I have often been asked why I like Apple products. Well, there’s a story behind why I trust the brand. It must have been 2012. My son was just about a year old and discovering the joys of walking and being in places he’s not supposed to be. One day the toddler decides to figure out what happens when he throws something down from our balcony.
We are on the third floor and the balcony has been heavily barricaded with bamboo panels to prevent such delinquent behavior. Only small, thin stuff can pass through. So he goes for my wife’s iPhone 4 — that year both of us invested in iPhone 4s as they had become cheaper, two years after launch. The phone has a free fall to the concrete surface below, but survives the fall with minor bruises. It’s still somewhere in our house and will come back to life if charged.
A few weeks later, it’s my iPhone’s turn. One late night I take the bottle from my son and put it casually by the pillow. By morning the remaining milk in the bottle has dropped all over my phone which was just under the bottle. That device too survives to see many iOS upgrades.
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These two instances have laid the foundation of the trust I have in the iPhone and other Apple products. When it comes to phones the only other brand that has my trust this way is Nokia, of which I have a few models lying around at home, including my first Nokia 3100.
What happened to me might have been sheer luck, but it also shows what these phones can take — no I have not tried putting them in a blender.
There is more. Apple’s devices offer so much that puts you at ease as a user. For someone who writes a lot like me — I’m writing this piece on a phone too — it’s so reassuring to know that I don’t need to save anything on an iPhone or iPad, and even a Mac for that instance.
And the iOS is so intuitive for Apple users — yeah, I know Android users struggle here — and you become faster at doing things over time. It helps that most iPhones are on the latest version, unlike Android which is split across OS versions, and you get the same features and experiences around multiple devices. Also, it’s rare to see a big change, you slide into an OS update and is seldom startled by what’s come with a new version.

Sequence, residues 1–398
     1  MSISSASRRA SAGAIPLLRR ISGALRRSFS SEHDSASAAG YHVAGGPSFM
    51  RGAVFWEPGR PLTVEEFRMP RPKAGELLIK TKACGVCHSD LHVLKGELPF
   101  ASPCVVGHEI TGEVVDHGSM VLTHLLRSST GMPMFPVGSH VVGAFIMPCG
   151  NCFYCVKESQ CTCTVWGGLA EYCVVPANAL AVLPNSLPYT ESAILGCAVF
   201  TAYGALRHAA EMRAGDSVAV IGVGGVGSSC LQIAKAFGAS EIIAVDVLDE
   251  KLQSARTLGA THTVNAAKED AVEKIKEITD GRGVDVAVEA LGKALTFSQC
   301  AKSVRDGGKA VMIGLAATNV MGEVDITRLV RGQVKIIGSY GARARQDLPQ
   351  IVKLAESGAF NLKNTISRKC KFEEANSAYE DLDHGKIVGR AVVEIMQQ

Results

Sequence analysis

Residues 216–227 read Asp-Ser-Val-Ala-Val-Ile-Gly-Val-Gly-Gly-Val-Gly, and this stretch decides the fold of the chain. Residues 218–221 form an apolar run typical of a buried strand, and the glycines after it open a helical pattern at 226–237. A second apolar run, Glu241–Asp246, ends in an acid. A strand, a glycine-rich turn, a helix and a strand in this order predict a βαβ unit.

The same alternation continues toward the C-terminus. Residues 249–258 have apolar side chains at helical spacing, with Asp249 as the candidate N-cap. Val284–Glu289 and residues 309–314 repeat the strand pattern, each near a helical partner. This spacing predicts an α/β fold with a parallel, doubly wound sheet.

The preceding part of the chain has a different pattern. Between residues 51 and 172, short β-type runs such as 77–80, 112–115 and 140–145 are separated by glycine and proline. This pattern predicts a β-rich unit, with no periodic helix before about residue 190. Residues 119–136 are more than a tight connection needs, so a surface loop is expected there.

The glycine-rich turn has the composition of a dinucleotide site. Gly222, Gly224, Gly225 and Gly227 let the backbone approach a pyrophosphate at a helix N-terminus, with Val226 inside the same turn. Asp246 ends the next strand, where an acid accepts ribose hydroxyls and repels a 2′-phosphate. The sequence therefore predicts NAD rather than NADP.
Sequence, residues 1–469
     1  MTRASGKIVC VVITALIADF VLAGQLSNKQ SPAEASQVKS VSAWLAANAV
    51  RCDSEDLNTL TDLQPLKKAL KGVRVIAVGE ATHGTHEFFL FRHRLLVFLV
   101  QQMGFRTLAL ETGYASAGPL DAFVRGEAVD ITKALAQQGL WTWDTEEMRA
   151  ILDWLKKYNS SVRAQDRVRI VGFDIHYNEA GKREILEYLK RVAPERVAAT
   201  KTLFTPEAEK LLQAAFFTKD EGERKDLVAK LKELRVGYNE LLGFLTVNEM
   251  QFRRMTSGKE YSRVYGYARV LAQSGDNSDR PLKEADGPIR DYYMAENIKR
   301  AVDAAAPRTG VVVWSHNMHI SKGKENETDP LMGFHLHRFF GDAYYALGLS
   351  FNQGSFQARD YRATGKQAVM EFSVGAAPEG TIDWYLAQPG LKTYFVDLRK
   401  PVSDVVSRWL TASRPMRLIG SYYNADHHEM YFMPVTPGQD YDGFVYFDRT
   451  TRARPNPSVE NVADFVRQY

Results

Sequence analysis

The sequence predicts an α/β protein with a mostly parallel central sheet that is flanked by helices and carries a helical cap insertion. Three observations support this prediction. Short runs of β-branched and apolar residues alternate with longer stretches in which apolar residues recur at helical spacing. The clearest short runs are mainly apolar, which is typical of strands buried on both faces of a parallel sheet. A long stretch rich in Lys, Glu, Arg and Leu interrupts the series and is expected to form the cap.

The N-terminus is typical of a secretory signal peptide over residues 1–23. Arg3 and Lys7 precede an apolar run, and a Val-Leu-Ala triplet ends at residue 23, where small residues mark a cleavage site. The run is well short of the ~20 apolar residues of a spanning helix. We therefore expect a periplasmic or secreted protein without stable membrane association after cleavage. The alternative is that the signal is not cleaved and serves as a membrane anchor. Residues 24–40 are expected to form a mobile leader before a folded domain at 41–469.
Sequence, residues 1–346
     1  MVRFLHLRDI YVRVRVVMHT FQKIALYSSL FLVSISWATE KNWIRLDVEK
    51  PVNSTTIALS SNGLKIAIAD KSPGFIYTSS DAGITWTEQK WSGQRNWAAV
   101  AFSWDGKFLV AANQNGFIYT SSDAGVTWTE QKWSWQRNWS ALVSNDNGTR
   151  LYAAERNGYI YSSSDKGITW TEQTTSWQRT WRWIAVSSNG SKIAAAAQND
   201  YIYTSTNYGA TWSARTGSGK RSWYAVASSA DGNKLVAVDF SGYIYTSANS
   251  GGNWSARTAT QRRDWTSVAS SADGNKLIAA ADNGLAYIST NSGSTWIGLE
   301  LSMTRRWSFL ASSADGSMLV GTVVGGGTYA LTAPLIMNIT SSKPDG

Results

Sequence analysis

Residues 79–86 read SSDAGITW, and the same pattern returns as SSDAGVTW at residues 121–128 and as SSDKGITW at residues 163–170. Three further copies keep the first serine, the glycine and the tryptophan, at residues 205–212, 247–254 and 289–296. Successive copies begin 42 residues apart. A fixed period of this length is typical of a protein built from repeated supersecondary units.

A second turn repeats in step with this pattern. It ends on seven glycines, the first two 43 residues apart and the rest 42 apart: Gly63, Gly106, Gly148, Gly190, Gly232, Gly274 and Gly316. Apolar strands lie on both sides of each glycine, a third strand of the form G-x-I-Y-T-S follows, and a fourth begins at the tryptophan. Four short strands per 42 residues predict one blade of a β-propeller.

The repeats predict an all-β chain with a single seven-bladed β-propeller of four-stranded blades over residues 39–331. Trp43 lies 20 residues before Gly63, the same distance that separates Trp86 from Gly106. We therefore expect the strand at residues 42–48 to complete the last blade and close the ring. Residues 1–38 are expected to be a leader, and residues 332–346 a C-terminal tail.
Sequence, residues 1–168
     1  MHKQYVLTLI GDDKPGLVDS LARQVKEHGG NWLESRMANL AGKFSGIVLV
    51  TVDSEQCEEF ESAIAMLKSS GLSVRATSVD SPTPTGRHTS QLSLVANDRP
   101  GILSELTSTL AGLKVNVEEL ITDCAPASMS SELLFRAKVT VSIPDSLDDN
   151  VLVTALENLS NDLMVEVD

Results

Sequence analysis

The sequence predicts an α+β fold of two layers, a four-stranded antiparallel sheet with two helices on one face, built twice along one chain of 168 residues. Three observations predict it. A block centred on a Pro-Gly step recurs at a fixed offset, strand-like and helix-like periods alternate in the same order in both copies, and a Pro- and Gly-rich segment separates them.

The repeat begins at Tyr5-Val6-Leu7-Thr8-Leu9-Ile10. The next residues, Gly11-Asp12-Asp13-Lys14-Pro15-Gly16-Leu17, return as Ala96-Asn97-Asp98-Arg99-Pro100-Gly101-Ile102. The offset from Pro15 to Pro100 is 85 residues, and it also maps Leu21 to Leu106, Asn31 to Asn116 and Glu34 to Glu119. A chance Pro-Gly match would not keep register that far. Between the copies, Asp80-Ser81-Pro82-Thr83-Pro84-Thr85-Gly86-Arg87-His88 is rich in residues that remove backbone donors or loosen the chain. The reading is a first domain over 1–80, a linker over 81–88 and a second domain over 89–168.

Then there is the question of trust. I have to confess that despite having used hundreds of Android phones over the years, I haven’t activated my credit card for the Play store. On Apple, I swiped my card the day I got my first iOS device. That’s just trust that my data will be safe and on a device at all times. That does not mean it cannot be stolen of someone with a Pegasus-like weapon cannot two in if they put their mind and money behind it.
One last thing and that’s the apps. From the Bear App, I’m writing this blog on to Otter voice notes that transcribes all my interviews, it’s the App Store that gets the best apps first and maybe even exclusively. And that alone is one good reason for me to stick to iOS for now.
But there have also been times I wanted to move out of an iPhone. That’s been when I have been caught in a spot with a phone that’s drained out of its battery and quite a few hours left in the day. With the iPhone 11 Pro Max that pain point has been fixed finally.
Next week: The iPhone features I don’t use and why
— Nandagopal Rajan (@nandu79) February 15, 2020
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